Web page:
What Does It Mean To Transfer Risk?

We deal so often in the transfer of risk that we sometimes don’t see the blank expressions in our clients’ faces when we explain to them that we can help in this area. We do eventually catch on that a little explanation is required, and we are more than happy to provide that information.

The transfer of risk is the very basis of every contract a construction company will sign. In exchange for services rendered for compensation, the construction company agrees to take on certain risks involved with the project. But instead of getting too deeply into the whole thing, let us take a step back and give you the broad explanation of transfer of risk.

Understanding Transfer Of Risk

If a property has an underground storage tank, then someone has to take the responsibility to remove it before construction can begin. In the construction contract, it will outline who is responsible for making sure the tank is removed and all environmental criteria are met. The proper removal of the tank is considered a risk, and the part of the contract that outlines who is responsible for the proper removal of the tank is the transfer of risk.

In cases involving potentially toxic materials, there will be a lot of clauses and clarifications involved to make sure it is clearly understood which party is responsible for what task. It may be cheaper for the job owner to assume the risk of removing the tank, but that still needs to be outlined in the contract for the sake of the contractor.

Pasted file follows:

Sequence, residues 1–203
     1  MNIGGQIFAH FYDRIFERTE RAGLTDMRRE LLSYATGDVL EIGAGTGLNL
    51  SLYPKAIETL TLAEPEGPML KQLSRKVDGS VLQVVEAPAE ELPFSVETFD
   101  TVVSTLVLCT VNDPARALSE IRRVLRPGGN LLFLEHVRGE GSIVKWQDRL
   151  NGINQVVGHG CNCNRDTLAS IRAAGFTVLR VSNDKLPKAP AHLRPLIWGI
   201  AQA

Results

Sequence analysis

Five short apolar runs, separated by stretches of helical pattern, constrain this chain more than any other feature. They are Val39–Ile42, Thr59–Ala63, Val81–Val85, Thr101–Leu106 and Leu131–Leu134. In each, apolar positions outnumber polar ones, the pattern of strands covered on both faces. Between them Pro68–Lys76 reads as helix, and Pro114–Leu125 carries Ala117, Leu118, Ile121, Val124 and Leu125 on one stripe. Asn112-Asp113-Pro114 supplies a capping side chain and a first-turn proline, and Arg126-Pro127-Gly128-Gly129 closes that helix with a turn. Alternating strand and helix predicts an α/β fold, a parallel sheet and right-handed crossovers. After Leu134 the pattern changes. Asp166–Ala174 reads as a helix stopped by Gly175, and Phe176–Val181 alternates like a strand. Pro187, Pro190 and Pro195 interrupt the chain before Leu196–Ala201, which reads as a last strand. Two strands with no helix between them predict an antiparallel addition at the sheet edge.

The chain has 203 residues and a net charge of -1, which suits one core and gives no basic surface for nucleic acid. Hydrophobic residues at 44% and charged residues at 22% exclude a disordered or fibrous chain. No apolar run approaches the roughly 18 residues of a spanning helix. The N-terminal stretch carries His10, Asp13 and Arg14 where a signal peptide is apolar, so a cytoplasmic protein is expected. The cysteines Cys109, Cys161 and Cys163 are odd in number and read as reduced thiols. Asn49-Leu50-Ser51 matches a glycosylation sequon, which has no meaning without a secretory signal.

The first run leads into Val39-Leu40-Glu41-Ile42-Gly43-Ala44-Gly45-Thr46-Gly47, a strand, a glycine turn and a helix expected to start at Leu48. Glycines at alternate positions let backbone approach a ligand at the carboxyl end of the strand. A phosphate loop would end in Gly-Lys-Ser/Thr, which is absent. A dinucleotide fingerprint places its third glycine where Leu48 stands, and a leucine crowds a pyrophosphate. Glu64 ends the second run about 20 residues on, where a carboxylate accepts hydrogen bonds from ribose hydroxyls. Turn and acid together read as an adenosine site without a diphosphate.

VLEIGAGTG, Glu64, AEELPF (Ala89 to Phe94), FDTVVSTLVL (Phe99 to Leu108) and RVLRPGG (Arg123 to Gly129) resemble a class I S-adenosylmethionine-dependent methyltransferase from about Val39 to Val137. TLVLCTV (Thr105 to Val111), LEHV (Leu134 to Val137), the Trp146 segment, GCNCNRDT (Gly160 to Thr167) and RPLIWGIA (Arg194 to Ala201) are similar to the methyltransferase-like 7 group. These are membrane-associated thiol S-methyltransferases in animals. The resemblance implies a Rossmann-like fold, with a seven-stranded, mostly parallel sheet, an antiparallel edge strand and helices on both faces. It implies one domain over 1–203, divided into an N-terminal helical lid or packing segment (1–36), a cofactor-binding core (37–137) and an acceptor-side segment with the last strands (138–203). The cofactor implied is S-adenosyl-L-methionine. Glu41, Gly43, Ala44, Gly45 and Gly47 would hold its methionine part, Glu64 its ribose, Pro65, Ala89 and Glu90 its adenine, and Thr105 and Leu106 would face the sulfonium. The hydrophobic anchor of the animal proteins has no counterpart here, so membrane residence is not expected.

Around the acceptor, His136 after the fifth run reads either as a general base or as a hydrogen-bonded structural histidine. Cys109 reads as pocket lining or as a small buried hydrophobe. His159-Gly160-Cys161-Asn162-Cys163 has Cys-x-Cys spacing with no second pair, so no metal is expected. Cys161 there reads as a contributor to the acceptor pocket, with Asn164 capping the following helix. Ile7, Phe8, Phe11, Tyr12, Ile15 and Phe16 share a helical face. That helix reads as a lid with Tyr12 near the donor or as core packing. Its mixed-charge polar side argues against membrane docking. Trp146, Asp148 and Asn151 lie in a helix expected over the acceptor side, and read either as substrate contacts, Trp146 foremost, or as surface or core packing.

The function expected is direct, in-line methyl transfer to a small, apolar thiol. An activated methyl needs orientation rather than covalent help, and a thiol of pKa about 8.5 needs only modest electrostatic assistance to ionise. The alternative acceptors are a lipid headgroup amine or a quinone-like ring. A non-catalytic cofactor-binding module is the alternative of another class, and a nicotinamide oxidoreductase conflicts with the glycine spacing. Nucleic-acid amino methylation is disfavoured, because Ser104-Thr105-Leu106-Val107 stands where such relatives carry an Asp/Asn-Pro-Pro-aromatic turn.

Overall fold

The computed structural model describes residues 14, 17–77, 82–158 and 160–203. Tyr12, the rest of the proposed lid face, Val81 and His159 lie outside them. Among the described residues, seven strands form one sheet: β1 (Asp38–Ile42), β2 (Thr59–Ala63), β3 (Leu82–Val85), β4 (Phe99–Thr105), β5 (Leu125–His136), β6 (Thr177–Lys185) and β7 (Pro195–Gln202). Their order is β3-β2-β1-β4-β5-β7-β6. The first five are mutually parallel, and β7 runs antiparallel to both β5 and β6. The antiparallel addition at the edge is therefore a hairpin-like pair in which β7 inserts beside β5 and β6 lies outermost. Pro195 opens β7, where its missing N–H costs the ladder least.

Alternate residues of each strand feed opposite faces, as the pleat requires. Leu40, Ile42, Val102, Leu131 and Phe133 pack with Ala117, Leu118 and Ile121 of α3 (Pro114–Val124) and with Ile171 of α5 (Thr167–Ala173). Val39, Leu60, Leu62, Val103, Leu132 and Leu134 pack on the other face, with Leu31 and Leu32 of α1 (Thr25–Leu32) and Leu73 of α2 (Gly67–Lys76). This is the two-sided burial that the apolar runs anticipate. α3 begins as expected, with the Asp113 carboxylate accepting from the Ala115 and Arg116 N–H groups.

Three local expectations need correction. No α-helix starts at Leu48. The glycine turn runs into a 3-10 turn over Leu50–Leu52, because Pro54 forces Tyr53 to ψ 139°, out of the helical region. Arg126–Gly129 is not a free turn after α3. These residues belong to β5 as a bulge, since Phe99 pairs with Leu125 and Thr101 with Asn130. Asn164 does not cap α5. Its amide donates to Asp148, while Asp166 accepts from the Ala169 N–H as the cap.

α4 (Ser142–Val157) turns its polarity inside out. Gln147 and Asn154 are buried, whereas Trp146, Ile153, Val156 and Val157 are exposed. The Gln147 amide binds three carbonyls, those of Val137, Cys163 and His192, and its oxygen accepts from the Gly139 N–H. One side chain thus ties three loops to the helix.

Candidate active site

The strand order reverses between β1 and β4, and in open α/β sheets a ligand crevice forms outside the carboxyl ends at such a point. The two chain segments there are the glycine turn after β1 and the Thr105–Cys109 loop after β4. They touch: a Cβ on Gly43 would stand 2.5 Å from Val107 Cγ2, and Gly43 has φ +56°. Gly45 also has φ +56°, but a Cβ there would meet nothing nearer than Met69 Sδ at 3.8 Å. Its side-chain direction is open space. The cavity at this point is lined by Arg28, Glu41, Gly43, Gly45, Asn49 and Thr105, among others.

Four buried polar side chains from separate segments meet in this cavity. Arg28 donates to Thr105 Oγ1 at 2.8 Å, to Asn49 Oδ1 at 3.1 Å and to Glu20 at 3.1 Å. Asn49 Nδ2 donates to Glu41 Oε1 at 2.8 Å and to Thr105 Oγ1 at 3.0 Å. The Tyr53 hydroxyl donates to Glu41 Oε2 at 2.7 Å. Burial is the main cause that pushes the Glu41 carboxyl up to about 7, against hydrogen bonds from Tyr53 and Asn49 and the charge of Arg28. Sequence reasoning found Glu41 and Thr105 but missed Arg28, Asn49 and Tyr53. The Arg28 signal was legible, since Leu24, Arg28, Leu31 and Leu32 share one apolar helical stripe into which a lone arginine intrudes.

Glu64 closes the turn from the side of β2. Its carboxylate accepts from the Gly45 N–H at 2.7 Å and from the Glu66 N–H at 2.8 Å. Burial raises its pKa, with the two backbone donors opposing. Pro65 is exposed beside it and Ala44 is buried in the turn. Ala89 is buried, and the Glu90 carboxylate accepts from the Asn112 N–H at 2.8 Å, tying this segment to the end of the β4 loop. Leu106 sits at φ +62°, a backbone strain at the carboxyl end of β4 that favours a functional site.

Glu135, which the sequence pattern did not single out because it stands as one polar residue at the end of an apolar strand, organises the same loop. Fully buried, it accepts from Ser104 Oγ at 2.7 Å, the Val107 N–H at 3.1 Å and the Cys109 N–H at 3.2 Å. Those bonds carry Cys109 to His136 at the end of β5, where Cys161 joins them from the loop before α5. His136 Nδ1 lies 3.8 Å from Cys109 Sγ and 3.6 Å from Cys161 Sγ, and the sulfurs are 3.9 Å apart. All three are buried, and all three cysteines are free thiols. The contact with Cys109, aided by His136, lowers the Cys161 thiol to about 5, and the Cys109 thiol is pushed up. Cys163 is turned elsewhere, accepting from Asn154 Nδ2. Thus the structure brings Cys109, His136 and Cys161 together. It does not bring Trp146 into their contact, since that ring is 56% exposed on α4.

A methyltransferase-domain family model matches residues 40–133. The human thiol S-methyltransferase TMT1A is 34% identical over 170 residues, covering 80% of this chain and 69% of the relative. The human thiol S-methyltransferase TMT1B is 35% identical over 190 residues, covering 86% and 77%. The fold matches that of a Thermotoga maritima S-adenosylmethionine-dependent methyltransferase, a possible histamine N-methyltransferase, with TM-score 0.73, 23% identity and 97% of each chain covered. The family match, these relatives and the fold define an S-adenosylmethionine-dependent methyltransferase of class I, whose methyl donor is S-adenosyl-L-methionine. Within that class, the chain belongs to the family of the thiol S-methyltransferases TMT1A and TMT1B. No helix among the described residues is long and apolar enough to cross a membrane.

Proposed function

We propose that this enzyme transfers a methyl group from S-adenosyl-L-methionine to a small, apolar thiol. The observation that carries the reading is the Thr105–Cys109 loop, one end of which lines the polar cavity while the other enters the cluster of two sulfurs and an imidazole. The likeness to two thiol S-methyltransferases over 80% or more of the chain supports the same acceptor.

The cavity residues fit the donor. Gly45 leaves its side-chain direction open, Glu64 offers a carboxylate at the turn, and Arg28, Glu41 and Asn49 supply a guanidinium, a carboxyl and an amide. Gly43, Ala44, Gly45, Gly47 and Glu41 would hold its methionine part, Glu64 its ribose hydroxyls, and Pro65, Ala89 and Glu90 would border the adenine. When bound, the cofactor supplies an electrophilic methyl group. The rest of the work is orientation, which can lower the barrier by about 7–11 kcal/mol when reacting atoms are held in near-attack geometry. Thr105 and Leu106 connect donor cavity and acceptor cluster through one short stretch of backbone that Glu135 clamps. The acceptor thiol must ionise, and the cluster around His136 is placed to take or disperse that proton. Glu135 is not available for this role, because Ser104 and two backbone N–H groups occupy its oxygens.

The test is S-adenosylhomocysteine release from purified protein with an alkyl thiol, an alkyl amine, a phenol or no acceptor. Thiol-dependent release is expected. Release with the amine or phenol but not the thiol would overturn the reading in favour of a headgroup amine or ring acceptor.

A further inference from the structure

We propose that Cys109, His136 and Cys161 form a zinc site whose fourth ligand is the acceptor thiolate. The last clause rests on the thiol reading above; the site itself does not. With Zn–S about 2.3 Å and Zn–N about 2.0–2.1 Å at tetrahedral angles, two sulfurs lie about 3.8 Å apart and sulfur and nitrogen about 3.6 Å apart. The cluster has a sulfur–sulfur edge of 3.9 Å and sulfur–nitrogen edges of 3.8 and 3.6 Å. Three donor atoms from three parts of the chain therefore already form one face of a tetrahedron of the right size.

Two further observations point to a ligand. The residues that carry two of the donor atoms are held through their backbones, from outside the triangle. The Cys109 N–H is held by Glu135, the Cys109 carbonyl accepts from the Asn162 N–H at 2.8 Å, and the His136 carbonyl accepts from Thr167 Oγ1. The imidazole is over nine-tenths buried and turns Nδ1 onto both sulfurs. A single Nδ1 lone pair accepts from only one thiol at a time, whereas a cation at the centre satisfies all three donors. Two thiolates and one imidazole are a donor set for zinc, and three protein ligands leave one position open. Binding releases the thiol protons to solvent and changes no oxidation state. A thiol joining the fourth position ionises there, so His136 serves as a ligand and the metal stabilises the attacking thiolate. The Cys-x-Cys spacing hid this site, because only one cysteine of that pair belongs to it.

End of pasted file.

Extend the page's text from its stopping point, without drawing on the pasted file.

Why Is Identifying And Transferring Risk Important?

Sometimes it is the generic transfer of risk clauses that mean the most to both parties. What would happen if there was a tank buried on the property and no one knew about it until the construction company started digging the building’s foundation? In most contracts, there is a provision that covers unexpected risk and that clause would be the starting point of a massive change order, or a lawsuit.

Identifying and transferring risk is incredibly important to a construction company’s bottom line. If a company signs a contract that does not allow for the proper transfer of risk, then the resulting financial issues could put the company out of business. Risk management is one way to offset the problems of contract risks, and having a competent contracts officer is the other.

Can Risks Be Changed?

Every contract and every clause is negotiable. If a construction company feels that the insurance premiums involved with protecting against a certain kind of risk outweigh potential profits, then the company would ask to renegotiate the transfer of risk in the contract.

Sometimes a company wants to take on risk because of the potential for profit. For example, if the demolition of a site includes a significant amount of scrap steel, then the general contractor may decide to take on the risk of doing the demolition to profit from selling the steel.

Contracts are designed to transfer risk, which can be a very helpful thing for construction companies. Before you decide to sign a job contract, it is extremely important to have your risk management experts look the contract over to make sure that you are not taking on any risk that your company cannot handle.